the thinker thinks your content should be thoughtful

There’s no such thing as a stupid questions, only stupid answers. And any answer to this question other than a resounding “no” is probably going to be one of them.

Faced with pressure to generate pageviews, content managers have gotten into the habit of being a mile wide and an inch deep in their coverage. Trading depth for breadth and playing to the lowest common cultural denominator. We have to, right? Because today’s content consumer is pressed for time and brain cells and will probably only scan your headline and your bolded keyphrases before they will largely blindly like, Tweet or pin your just-another-post-in-the-sea content.

Except that that’s not true. Despite what people might say, society is not getting dumber, we’re getting smarter. We want better information faster.

And when it comes to content, there is no such thing as “too smart.” In an effort to engage as many readers as possible, content managers have gotten into the habit of doing what is easy to generate more visits. Being smart isn’t easy. It takes work and time—two things that today’s culture doesn’t exactly encourage.

So maybe the better question is: Does informed and intellectual content still carry as much weight in today’s marketplace of attention?

The answer should be a resounding yes. You should be rolling your eyes as you ready this.

So how do you be a smarty-pants without turning off your audience? Believe it or not, there are ways to be both smart and successful while developing online content. Here are four things to keep in mind when you bring the brainpower in your next offering:

Don’t Dumb Anything Down

A content creator’s mission should be to raise the most common intellectual denominator not sacrifice everything in order to meet it.

Use big words. Make people look up words they don’t know. There is nothing more satisfying then coming across an unknown, taking a moment to look it up, and then say to yourself, “Oh cool, I know that now.” And with smart phones and easy Internet access, the excuses for not doing so are lamer than they have ever been.

Be Shakespearian in your prose. Make the reader work a little bit to get something out of your content. They were smart enough to click the link, so don’t disappoint them into thinking it was just an empty, manufactured headline instead of a post with something genuine to say.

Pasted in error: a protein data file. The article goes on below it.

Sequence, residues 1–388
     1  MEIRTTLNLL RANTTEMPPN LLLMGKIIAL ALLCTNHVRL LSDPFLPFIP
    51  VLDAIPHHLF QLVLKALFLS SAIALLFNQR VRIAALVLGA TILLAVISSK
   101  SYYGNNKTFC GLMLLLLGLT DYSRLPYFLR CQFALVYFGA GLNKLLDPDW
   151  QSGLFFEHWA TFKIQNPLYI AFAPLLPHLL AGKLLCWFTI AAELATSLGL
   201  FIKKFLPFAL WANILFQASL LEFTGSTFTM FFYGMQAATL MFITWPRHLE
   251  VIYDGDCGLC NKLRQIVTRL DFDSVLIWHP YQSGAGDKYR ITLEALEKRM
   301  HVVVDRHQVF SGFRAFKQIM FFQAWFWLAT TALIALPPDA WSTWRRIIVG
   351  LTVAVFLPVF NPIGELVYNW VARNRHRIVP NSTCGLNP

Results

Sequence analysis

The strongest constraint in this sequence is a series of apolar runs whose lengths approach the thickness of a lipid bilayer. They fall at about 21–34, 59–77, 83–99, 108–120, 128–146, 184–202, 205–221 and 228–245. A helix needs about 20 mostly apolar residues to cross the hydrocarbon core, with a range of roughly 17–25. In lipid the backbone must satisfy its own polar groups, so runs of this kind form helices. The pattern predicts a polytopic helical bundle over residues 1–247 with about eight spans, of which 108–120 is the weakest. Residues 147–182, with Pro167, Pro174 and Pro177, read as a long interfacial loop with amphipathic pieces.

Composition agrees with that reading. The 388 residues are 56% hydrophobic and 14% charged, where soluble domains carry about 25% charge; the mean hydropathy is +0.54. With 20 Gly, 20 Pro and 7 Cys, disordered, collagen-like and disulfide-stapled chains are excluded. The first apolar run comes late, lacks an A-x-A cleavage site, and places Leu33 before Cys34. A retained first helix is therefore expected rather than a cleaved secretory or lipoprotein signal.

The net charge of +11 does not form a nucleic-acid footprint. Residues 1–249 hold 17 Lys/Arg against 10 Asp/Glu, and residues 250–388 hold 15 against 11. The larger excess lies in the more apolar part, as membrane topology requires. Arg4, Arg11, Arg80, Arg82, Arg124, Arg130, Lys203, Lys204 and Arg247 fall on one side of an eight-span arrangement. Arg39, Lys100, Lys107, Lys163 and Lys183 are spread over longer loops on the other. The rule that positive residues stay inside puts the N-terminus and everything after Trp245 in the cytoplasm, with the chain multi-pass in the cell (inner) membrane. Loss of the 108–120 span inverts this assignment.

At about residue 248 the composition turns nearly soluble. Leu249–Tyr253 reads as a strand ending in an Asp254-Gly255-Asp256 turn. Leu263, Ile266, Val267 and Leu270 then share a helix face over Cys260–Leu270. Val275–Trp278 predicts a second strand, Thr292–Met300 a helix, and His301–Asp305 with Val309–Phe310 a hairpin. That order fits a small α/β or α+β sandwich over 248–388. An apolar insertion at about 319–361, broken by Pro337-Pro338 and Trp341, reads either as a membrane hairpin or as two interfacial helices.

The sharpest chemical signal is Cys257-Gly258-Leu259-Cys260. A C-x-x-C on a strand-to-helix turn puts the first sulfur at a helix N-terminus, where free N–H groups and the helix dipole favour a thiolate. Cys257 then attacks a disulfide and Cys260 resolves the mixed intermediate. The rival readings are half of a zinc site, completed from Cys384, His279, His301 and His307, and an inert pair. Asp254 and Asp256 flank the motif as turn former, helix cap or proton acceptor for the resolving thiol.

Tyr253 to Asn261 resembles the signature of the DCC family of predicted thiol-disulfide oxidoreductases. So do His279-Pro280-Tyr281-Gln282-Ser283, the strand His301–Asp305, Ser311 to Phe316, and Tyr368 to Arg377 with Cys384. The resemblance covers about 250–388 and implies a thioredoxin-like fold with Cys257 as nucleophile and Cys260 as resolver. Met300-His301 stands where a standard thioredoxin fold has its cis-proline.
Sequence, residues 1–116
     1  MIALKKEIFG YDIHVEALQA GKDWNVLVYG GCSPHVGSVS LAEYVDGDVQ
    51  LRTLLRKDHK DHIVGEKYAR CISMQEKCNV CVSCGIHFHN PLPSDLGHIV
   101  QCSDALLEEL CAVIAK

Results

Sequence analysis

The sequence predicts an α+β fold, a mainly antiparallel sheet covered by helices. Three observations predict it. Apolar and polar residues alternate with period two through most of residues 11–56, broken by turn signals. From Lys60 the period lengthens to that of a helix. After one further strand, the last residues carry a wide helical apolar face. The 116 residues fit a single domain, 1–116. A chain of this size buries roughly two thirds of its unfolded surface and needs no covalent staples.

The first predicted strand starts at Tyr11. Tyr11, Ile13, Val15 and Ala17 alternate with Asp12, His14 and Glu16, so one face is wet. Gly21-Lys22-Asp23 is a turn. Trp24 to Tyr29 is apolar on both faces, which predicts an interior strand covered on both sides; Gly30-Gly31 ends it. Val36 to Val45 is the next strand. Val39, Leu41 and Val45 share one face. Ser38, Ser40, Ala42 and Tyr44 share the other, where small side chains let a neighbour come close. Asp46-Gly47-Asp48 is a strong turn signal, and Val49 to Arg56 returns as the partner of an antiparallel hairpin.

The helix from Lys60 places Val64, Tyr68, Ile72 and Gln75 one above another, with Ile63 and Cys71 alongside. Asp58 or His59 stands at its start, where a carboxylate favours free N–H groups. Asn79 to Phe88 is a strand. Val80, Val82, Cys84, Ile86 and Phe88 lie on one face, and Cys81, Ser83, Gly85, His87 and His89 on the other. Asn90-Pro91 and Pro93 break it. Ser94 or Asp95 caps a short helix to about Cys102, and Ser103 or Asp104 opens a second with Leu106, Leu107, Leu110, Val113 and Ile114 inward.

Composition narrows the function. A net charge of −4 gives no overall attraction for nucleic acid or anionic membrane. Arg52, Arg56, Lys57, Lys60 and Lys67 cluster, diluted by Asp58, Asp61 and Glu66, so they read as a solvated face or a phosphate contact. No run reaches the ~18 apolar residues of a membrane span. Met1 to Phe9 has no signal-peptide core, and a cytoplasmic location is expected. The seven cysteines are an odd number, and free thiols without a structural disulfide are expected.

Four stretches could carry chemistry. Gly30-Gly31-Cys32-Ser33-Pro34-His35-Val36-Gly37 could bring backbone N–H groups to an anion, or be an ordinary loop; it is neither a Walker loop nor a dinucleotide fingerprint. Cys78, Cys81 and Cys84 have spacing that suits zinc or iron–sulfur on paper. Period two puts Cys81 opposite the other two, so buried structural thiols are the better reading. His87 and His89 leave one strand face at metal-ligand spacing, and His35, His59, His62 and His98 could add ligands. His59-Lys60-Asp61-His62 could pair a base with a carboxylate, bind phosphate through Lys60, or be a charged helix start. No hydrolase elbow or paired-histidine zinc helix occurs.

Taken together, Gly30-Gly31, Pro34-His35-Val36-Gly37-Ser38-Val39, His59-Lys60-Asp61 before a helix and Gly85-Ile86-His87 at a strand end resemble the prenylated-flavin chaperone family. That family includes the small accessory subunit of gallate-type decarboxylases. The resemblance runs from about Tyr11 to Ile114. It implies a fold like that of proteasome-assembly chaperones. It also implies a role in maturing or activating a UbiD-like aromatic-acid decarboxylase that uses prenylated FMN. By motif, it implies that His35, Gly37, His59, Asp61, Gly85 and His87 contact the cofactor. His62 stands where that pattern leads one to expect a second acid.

Write Your Heart Out. And Do so at Great Length.

One of the biggest pet peeves of mine is to hear people say, “Oh, that post you sent me was too long, so I didn’t read it.”

Seriously?

I’m actually glad you didn’t get anything out of it because you just proved you didn’t deserve it in the first place.

Long form has a place in our content experience, even in the online world. It serves as a collective deep breath and our wide-angle lens. Some ideas take longer than a Kardashian marriage to articulate, so don’t throw them away and blame it on your short attention span and jammed Outlook calendar. It’s lazy and dangerous for our development as a civilization and we have too much of both in this world already.

If you want to break up your idea into multiple posts, fine. But don’t sacrifice giving it your intellectual all because some Internet peon with an itchy mouse finger wants to click through to the next pop culture apocalypse. Plus, smart readers will set aside your blog for later use and give it the time it deserves instead of dismissing it out of hand.

More thoughts and words, please.

Write About Strange Topics in a Smart Way

You don’t need to write about existentialism or particle string theory to prove your smarts.

People love them some weird. The Huffington Post has an entire page dedicated to weird news.

However, for the love of all that is content holy, don’t crap out three sentences on some cat that has a cult of people believing it is the next coming of Jesus to drive traffic to your website.

Call people. Get reactions. Tie it to your business in some way. People don’t want to read something cool, they also want to know WHY they are reading the 500-600 words you slapped them in the face with.

Smart writing is a drug; get people hooked. Give them all the intelligence you have to make sure they keep coming back.

The Smarter the Content, the More Engaged Your Commenters Will Be

I admit there is nothing wrong with short and sweet. However, there still has to be enough substance in a short post in order for your readers to respond to it with more than just, “That’s nice.”

It takes a lot of someone to get up the nerve to respond to something they’ve read online. I’m a confident guy, and I still feel awkward doing it. However, really smart and insightful online content can give someone an intellectual burning desire to comment.

Recently, I read a blog post on The Atlantic’s website about today’s Internet users that was artfully written and chock-full of smart commentary. I didn’t comment on the post itself, but the author ignited something in me that turned into 900 words on why we need new rules for language and grammar.

Smart content begets more smart content. Online content is this generation’s cave drawings, so let’s make sure we leave an impression worth remembering.